13. Memorandum From Victor A. Mack of the Department of the Treasury to the Executive Director of the Cabinet Task Force on Oil Import Control (Areeda)1
- Treasury Comments on Task Force Staff Paper X–1, “Oil Import Issues”2
Attached are Treasury comments on certain of the 49 items in Task Force staff paper X–1.
We have prepared a separate statement on item 29, dealing with various aspects of the balance-of-payments impact of additional oil imports.3
- We feel the staff analysis tends to understate the security problem, takes too sanguine a view of available emergency oil sources, brushes too lightly over the rationing problem, stresses only the unfavorable aspects of the present system or a substitute control system, tends to argue much more strongly for an unrestricted imports policy than prudence would suggest, and has not accorded proper importance to the extremely adverse impact on our trade and balance-of-payments accounts of an unrestricted imports policy.
- The severe adverse trade and balance-of payments impacts involved in a policy of unrestricted oil imports cannot be ignored by the Task Force.
- Treasury would not consider the Task Force has recommended to the President a policy in the national interest, if such policy requires us to be so dependent on foreign sources for our crude oil supplies as to require us to import two-thirds of these supplies by the mid-eighties.
- As the staff correctly points out (item 10b), it does not seem sensible for us to furnish a secure oil source to our allies, while alone bearing the full cost of assuring such security. Therefore, we would want to recommend to the President that it should be a cornerstone of U.S. policy to have all countries who wish to share our oil in an emergency share also the year-to-year expense of assuring a secure supply.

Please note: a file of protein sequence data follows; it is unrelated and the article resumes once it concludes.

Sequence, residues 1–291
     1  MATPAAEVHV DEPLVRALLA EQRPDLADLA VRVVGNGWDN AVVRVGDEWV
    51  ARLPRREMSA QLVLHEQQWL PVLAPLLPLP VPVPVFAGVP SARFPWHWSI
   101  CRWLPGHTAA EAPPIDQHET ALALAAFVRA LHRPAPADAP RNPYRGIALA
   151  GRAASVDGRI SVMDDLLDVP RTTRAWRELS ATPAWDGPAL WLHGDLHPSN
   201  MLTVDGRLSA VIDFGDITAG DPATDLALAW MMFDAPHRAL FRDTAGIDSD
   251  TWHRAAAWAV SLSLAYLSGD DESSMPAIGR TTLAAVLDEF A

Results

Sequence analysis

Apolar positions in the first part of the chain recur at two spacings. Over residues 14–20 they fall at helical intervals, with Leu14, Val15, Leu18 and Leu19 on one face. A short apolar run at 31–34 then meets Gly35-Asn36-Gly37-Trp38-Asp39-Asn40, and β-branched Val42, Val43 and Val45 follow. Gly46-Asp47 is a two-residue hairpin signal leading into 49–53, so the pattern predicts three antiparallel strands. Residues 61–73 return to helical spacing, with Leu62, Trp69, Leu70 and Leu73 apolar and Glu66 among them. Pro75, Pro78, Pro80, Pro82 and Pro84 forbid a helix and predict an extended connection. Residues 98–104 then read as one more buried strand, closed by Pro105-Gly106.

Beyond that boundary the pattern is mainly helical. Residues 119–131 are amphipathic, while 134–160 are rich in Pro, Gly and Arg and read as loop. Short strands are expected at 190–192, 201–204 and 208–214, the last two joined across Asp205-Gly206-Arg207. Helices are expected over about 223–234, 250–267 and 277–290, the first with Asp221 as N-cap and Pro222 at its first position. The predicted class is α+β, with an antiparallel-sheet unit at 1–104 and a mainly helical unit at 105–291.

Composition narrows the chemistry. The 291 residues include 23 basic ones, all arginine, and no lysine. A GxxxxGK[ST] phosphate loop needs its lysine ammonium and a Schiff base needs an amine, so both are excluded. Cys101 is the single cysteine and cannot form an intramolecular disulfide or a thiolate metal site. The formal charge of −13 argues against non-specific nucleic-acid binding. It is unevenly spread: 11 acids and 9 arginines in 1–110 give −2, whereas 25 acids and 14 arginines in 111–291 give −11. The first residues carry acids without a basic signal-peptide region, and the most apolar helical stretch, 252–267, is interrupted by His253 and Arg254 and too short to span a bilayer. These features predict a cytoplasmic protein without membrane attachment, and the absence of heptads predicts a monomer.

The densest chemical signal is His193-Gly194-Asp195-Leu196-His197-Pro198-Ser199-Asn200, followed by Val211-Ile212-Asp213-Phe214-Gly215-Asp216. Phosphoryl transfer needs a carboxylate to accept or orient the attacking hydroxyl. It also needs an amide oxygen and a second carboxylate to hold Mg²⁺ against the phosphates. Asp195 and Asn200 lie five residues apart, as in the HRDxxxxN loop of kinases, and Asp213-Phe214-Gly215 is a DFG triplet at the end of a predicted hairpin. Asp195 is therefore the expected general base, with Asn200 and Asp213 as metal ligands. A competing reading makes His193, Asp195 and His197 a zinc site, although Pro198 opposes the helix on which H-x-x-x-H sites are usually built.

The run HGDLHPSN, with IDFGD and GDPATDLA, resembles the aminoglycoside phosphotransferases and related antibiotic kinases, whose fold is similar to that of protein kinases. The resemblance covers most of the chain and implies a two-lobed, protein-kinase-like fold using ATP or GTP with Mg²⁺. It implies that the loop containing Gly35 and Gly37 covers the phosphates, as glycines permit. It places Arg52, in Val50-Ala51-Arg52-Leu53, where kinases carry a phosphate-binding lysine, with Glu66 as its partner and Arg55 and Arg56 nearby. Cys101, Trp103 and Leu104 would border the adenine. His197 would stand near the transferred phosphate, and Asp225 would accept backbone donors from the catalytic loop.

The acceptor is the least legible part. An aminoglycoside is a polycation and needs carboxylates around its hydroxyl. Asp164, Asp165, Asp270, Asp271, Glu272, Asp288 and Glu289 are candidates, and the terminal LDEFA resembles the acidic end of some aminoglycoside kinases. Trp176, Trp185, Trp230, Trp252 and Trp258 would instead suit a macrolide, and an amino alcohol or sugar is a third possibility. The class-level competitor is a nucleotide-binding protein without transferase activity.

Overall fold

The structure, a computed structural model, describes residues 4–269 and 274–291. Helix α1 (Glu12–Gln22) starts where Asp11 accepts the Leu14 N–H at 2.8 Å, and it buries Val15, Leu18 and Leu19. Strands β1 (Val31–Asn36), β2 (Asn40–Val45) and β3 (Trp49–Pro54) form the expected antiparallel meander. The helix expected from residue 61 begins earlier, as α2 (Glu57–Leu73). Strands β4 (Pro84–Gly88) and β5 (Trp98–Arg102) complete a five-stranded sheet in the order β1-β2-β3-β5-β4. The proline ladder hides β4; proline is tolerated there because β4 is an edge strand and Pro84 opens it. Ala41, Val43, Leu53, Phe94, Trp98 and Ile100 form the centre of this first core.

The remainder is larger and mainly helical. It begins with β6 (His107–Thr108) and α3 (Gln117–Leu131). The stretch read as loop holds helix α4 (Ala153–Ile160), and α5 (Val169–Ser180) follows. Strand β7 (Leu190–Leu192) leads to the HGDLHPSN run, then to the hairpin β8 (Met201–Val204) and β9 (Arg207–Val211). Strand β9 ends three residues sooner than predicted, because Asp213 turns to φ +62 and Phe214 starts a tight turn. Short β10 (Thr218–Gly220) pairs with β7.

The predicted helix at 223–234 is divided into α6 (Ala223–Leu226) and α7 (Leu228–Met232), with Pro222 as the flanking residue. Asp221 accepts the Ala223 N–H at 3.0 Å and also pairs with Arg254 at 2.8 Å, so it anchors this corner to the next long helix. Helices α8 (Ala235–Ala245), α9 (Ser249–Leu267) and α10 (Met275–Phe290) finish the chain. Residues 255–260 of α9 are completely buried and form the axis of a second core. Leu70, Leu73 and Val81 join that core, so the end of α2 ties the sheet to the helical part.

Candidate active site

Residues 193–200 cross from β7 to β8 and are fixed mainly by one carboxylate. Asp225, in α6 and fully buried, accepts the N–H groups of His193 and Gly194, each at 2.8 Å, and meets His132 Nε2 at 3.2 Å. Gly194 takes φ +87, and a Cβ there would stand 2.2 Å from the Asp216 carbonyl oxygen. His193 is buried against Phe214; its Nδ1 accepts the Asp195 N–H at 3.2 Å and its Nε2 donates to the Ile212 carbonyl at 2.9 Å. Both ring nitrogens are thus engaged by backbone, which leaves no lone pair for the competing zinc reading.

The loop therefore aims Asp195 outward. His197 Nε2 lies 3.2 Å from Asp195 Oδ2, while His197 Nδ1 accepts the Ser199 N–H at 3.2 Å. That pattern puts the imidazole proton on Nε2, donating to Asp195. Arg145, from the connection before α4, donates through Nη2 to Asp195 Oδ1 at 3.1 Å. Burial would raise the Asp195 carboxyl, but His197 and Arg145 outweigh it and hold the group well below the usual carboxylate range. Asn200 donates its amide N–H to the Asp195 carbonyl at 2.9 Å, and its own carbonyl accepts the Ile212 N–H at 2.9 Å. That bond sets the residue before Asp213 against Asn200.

- To the extent we must rely on imports for our oil supply, we see convincing security arguments for maximizing the amounts coming from Canada and Latin America. While we realize some premium may have to be paid for some of this oil, we wish to hold this to the minimum necessary to obtain a guaranteed supply from these sources.
- We are opposed to an unrestricted oil imports policy, but we would not be opposed to a drastic revision of the present policy so long as the basic national interest would be well served. We feel that the national interest might best be served by some form of combined tariff and quota arrangement. Briefly, we feel such a system would enable us to obtain the oil we need from the foreign sources we prefer at prices which would involve no or minimum premium payments above the world market price, which would insure some savings for U.S. consumers and, at the same time, would not be so disruptive of our domestic oil industry as to inhibit domestic exploration and drilling for crude oil and would not put an unacceptable burden on our trade and balance-of-payments accounts.